Show: sup AC = supA supC

  • Thread starter kingwinner
  • Start date
  • #1
1,270
0
Fact: If A and C are subsets of R, let AC={ac: a E A, c E C}. If A and C are bounded and A and C consist of strictly positive elements only, then sup AC = supA supC.

I am trying to understand and prove this fact, and this is what I've got so far...
A, C bounded => supA, supC exist (by least upper bound axiom)
0<a≤supA for all a E A
0<c≤supC for all c E C
=> 0<ac≤supA supC for all ac E AC
=> supA supC is an upper bound of AC
=> supAC≤supA supC

But how can we prove the other direction? I think we somehow have to use the fact "for all ε>0, there exists a E A such that sup A - ε < a."
At the end, we have to show that for all ε>0, supA supC - ε is NOT an upper bound for AC. But I'm not sure how it is going to work out here in our case.

Does anyone have any idea?
Thanks for any help!
 

Answers and Replies

  • #2
Gib Z
Homework Helper
3,346
5
From what you have you know already that for all ε > 0,

[tex](\sup A - \epsilon)(\sup C - \epsilon) < ac \leq \sup AC \leq \sup A \sup C[/tex], where in this case, a and c are some specific elements of A and C, not general ones.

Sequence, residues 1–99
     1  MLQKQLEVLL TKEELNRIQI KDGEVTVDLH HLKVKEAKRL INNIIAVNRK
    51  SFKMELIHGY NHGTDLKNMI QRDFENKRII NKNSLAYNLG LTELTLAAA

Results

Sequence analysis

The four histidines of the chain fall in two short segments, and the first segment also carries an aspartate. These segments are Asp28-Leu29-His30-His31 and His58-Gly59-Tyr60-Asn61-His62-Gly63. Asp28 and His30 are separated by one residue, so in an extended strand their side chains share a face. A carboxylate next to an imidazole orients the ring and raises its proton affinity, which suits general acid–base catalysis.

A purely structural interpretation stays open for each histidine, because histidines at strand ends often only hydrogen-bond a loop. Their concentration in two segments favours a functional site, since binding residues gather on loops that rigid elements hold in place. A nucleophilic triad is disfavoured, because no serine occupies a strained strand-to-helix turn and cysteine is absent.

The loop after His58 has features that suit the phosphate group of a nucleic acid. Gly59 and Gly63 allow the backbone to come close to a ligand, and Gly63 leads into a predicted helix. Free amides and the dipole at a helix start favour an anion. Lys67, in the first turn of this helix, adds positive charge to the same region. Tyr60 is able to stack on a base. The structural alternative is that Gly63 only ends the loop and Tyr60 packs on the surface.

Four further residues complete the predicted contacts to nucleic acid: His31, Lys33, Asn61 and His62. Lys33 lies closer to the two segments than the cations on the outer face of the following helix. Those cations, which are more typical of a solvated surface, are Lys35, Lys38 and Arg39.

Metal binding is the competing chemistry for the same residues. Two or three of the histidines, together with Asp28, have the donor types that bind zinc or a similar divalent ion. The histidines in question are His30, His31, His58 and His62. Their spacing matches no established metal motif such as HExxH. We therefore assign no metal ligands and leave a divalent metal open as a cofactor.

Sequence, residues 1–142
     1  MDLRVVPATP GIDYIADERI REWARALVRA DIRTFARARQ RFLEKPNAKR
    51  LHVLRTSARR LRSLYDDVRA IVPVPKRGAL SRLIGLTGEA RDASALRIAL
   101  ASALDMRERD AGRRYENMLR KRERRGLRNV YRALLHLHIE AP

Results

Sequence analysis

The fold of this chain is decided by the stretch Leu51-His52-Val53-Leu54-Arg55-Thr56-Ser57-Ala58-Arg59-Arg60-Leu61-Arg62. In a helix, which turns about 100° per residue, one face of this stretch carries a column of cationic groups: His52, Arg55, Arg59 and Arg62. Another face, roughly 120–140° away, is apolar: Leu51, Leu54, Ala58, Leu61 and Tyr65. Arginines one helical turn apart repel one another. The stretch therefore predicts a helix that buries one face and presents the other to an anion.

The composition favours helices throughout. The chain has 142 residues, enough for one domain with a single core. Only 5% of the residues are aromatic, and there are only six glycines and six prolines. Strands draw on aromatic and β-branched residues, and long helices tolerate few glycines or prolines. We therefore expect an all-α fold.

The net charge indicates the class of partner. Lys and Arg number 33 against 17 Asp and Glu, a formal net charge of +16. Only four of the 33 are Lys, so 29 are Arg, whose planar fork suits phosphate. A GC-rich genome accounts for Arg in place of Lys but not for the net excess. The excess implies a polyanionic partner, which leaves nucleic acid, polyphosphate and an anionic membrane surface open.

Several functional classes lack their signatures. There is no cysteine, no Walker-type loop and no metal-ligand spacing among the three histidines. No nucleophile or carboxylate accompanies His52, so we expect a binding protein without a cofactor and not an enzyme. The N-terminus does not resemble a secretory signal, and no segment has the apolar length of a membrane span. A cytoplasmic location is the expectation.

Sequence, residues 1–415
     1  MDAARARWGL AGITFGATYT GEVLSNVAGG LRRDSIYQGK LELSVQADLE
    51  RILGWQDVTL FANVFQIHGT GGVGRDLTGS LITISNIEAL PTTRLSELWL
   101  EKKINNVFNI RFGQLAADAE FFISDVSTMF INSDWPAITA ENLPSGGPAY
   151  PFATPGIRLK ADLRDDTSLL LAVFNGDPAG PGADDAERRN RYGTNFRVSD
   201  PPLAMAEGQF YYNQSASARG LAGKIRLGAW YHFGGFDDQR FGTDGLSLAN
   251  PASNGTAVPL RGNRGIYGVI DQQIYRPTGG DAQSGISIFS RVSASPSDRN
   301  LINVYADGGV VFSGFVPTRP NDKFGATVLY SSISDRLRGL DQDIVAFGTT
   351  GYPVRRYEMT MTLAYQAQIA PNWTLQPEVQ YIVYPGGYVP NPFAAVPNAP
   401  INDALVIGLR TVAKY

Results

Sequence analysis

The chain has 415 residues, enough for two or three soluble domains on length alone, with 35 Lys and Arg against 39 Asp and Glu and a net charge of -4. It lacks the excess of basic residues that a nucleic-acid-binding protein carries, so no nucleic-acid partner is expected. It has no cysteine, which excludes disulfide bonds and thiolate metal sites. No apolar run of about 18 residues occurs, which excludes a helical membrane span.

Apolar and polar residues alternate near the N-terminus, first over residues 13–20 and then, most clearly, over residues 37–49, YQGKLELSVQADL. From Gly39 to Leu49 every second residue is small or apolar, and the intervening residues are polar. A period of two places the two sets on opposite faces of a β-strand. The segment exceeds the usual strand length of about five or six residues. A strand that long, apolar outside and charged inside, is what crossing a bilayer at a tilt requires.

Can you see a sandwich argument approaching here?
 
  • #3
1,270
0
I don't think (supA-ε)(supC-ε)<ac is true for ALL ε>0, e.g. if supA-ε<0, then the inequality is reversed...

Also, at the end, we want to show that for all ε>0, supA supC - ε is NOT an upper bound for AC.
But expanding the LHS of your inequality, we have
supA supC -ε(supA+supC) + ε2, instead of supA supC - ε, how can we fix this?

Thanks!
 
Last edited:
  • #4
Gib Z
Homework Helper
3,346
5
I don't think (supA-ε)(supC-ε)<ac is true for ALL ε>0, e.g. if supA-ε<0, then the inequality is reversed...
Sorry, my last post should have said “for ε sufficiently small” instead of “all”.
Also, at the end, we want to show that for all ε>0, supA supC - ε is NOT an upper bound for AC.
But expanding the LHS of your inequality, we have
supA supC -ε(supA+supC) + ε2, instead of supA supC - ε, how can we fix this?
Those things are pretty much exactly the same. What is epsilon? A constant greater than zero that we can choose to be arbitrarily small. Realizing this, we can see that
supA supC -ε(supA+supC) + ε2 = supA supC -ε(supA+supC - ε) = supA supC – ε(Some Bounded, Positive Terms)
yields the required result.
 
Last edited:

Related Threads on Show: sup AC = supA supC

  • Last Post
Replies
5
Views
2K
  • Last Post
Replies
11
Views
3K
Replies
10
Views
10K
Replies
1
Views
2K
Replies
1
Views
3K
Replies
6
Views
3K
Replies
11
Views
3K
Replies
4
Views
4K
Replies
4
Views
2K
Top